I don't like 80% of the content put on the internet that portrays rollerblading, but that's just me. Also I think it creates a weird dysfunctional system where some sponsors start to question the "visibility" of a skater. That's fucking bullshit. Never did you have Aaron Feinberg's or Dustin Latimer's visibility questioned. They would take 2 years to put out secret parts for Mindgame and these sections remain some of the most celebrated to date. I don't expect anyone who rides for me at the professional level to bang out inferior level parts for the internet. Furthermore, I don't want to see them put out sections on the internet that belong on DVD/Bluray. I hate to see my peers have to sell themselves short and their legacy on some youtube hit count. As for CHARG!NG being pirated I've had several emails congratulating us on the project who would have never seen it otherwise. Catch 22.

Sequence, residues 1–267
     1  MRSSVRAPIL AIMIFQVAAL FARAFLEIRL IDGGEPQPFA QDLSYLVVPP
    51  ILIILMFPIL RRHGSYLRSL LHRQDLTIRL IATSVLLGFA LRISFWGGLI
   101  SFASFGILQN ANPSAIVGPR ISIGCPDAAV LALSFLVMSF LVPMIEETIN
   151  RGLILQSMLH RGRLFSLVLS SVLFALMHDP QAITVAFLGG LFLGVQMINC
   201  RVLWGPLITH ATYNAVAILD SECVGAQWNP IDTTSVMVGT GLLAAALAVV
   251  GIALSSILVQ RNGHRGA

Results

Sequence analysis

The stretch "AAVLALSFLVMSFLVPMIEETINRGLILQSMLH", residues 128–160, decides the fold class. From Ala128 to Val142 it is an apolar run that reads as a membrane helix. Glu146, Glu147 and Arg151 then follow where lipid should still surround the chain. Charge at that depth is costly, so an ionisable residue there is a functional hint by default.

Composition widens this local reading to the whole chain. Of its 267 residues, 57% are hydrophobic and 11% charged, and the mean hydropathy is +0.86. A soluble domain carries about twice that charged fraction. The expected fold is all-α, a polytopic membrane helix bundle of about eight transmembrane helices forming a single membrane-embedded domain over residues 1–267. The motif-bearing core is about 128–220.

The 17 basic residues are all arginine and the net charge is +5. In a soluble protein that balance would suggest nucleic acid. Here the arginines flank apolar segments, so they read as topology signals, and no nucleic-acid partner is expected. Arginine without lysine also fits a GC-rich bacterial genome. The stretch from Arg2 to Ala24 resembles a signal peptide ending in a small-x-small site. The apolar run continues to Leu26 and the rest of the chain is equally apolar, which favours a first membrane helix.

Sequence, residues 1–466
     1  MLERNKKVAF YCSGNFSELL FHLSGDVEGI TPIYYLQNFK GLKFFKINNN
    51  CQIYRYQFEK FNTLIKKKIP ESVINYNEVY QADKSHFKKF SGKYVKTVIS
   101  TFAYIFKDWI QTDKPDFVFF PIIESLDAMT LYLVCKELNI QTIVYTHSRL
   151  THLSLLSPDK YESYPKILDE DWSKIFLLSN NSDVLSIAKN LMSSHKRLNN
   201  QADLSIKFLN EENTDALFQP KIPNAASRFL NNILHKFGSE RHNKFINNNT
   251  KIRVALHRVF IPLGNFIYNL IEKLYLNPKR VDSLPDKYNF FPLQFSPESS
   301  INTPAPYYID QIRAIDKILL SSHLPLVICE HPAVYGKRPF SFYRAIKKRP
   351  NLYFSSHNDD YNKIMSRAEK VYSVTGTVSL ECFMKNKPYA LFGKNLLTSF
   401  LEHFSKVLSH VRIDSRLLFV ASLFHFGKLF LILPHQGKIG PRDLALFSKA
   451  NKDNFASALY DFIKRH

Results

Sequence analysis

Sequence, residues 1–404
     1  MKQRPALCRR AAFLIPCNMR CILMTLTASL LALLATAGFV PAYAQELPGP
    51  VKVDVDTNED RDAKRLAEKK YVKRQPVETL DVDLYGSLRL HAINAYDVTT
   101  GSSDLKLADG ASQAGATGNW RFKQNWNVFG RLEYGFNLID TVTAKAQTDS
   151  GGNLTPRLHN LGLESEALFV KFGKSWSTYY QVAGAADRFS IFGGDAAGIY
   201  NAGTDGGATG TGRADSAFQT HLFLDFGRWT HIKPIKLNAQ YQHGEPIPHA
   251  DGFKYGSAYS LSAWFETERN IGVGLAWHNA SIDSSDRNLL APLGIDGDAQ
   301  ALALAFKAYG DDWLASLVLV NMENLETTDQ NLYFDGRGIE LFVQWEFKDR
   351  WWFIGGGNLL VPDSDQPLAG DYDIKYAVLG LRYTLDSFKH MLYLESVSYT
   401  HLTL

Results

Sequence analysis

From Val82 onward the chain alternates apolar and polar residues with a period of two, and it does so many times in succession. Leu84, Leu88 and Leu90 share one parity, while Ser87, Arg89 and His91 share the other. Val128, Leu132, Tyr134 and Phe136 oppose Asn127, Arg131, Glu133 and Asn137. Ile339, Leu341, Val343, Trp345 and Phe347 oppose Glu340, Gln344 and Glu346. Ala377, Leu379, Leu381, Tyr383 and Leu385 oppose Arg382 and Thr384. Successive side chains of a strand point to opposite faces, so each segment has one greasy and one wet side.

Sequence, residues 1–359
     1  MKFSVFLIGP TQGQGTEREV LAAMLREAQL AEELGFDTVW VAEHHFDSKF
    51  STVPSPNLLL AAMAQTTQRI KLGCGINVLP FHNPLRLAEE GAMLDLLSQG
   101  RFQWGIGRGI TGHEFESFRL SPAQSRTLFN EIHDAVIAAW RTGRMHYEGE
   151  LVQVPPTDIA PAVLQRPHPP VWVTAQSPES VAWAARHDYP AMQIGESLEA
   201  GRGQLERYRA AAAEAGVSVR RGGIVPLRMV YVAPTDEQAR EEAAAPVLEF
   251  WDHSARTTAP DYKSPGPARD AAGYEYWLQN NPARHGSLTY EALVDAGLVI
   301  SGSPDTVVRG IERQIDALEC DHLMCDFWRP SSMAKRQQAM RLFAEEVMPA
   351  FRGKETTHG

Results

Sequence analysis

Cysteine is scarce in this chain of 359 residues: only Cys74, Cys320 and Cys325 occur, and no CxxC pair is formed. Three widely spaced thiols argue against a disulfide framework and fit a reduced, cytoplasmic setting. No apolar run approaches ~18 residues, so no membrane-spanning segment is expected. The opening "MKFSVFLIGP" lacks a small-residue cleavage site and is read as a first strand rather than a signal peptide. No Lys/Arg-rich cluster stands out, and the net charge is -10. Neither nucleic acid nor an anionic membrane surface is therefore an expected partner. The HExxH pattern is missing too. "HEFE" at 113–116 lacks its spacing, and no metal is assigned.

Do you feel like there's a difference between pirating a Hollywood blockbuster or a blade flick? Both involve the theft of intellectual property, correct?
No. I will say this though. If Hollywood was a tight group of your peers on the brink of being shoved further into the back of the closet, why would you steal from the people trying to make it move forward? Stealing is stealing. We steal music, but you in turn go and rock those jams and get turned on to artists, etc. If you want to steal our video, then fine. But I hope it inspires you to support the brands associated with it.
You recently got a new van and started touring again. Could you fill us in on the concept of this new project, please? Who's on board with you this time and when do you plan to release the video? What do you do to keep people informed on the current status? Did you set up a Kickstarter again?